Academic journal article Journal of Prenatal & Perinatal Psychology & Health

Antecedents to Somatoform Disorders: A Pre- and Perinatal Psychology Hypothesis

Academic journal article Journal of Prenatal & Perinatal Psychology & Health

Antecedents to Somatoform Disorders: A Pre- and Perinatal Psychology Hypothesis

Article excerpt

ABSTRACT: The somatofonn cluster of behavioral disorders is the single most frequent class of unexplainable problems found in primary care medical settings today. What is known about these disorders is that there are physiological, social, and psychological variables that need to be considered. What is not known is how a person develops a propensity toward having physical symptoms as their primary complaint. The author suggests that human beings are classically conditioned when faced with intolerable emotional experiences in the womb or during birth. The residual feelings are laid down in the developing brain's neural pathways in an adaptative strategy of escape and avoidance (focusing on the body instead of the feelings), allowing the organism to survive.

INTRODUCTION

Somatization has been defined the most simply and intelligibly as: The expression of psychological pain through physical symptoms (Fauman, 1994). Physical pain is defined here as an unpleasant sensory experience that is associated with actual tissue damage (Benoliel, 1995). The somatoform disorders, according to the DSM-IV (Diagnostic and Statistical Manual of Mental Disorders; APA, 1994), are a cluster of symptoms and behaviors with common features, primarily persistent or recurring physical complaints that are not supported by actual physical findings (Kirmayer & Taillefer, 1997).

The somatoform cluster of behavioral disorders are the single most frequent class of problems in primary care medical settings (Mayou, Bass & Sharpe, 1995). Unexplained symptoms constitute from 25% to 60% of family medicine practices (Kirkwood, Clure, et al., 1982). These disorders cause clinically significant personal distress and/or impairments in social, occupational, or other areas of functioning (APA, 1994). Though the focus may be on bodily ailments, the research shows, there are also many more complex, underlying psychosocial and emotional antecedents, pain-related dysfunctions or disabilities, comorbid conditions, and pain-sustaining factors as well (Reid, Balis & Button, 1997).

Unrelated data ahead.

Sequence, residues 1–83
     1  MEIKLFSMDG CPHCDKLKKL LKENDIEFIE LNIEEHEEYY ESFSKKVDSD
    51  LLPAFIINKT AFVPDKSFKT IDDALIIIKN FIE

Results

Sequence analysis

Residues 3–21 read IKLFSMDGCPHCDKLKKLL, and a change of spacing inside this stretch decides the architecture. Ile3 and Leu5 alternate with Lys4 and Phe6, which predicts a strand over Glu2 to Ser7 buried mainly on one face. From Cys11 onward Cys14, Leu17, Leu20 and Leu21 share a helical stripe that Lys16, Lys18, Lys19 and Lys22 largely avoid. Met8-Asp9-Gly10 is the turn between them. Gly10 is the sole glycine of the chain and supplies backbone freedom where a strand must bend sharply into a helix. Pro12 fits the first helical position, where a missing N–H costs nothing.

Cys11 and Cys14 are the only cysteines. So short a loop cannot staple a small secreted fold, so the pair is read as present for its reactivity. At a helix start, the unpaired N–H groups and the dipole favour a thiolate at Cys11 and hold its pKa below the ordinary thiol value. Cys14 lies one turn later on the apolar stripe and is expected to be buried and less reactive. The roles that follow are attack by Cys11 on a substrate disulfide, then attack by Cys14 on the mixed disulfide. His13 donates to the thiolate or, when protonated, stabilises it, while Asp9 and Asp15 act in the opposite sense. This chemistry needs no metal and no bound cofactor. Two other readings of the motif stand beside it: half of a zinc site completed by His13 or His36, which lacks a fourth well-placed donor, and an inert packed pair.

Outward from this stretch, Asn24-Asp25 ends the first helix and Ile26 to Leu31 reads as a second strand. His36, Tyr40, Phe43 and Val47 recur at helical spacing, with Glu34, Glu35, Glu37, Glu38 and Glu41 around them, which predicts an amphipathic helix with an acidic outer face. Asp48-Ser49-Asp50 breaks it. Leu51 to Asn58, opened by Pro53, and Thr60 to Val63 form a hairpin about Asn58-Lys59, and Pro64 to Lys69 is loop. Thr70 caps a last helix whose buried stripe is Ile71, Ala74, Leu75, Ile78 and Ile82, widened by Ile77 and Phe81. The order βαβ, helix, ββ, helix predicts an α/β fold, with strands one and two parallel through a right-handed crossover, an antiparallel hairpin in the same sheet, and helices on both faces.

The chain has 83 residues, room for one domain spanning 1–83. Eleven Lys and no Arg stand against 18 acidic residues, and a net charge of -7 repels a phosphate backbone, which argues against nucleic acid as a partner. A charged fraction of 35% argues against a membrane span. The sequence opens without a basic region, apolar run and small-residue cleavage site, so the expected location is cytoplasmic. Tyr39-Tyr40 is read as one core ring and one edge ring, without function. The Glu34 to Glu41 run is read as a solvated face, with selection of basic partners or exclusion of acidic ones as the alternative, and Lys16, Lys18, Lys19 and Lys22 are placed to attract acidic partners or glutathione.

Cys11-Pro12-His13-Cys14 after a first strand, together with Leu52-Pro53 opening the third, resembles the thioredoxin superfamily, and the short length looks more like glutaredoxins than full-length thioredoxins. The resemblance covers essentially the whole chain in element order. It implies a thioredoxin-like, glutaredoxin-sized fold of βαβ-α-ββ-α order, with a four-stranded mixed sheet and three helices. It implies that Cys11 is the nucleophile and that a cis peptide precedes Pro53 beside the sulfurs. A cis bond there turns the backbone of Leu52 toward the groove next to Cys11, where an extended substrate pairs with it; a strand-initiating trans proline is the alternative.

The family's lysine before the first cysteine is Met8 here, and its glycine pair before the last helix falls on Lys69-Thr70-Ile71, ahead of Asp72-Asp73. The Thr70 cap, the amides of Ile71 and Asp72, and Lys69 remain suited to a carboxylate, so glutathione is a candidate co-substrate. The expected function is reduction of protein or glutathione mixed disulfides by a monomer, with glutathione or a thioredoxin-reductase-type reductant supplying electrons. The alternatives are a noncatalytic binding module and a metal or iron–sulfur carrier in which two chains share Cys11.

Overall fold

PSYCHOSOCIAL ANTECEDENTS

The concept that psychosocial Stressors influence or exacerbate illness is certainly not new. Clinicians know that it is often possible to understand the complexity of present difficulties by examining the individual's life history. Many studies have noted that traumatic or stressful experiences seem to be qualitatively different from memories of ordinary events and are more emotional in nature (Teff, 1988; van der Kolk, 1994). Elevated life stress predicts a greater frequency of medical visits, strongest among patients with personality traits characterizing a tendency toward somatization (Miranda, Perez-Stable, Munoz, Hargreaves & Henke, 1991).

It is a very difficult task determining the underlying components when diagnosing and treating a somatoform disorder because of the multitude of psychological factors that may contribute to the development, maintenance, or exacerbation of a somatic or physical complaint. Adding to the confusion is uncertainty as to the antecedents of the psychological pain. There are divergent views from scientists on this issue of origination as well. Before looking more closely at the hypothesis offered as an explanation of the antecedents, found in the earliest period of human development, an examination of the expression of physical complaints, within a cultural context will be offered.

PAIN EXPRESSION AND CULTURE

Every culture determines what are the accepted "help-seeking" behaviors for emotional pain and human suffering. If physical complaints are more socially acceptable than psychological distress, as is true in the United States, then somatic complaints are expressed (Chaplin, 1997). Western culture allows symptom relief when received from a physician who can determine the source of the pain or complaint and prescribe the appropriate medication. The cultural norm for pain expression in the United States is that a person will be given sympathy and attention with a physical ailment but can expect rejection with a mental one. …

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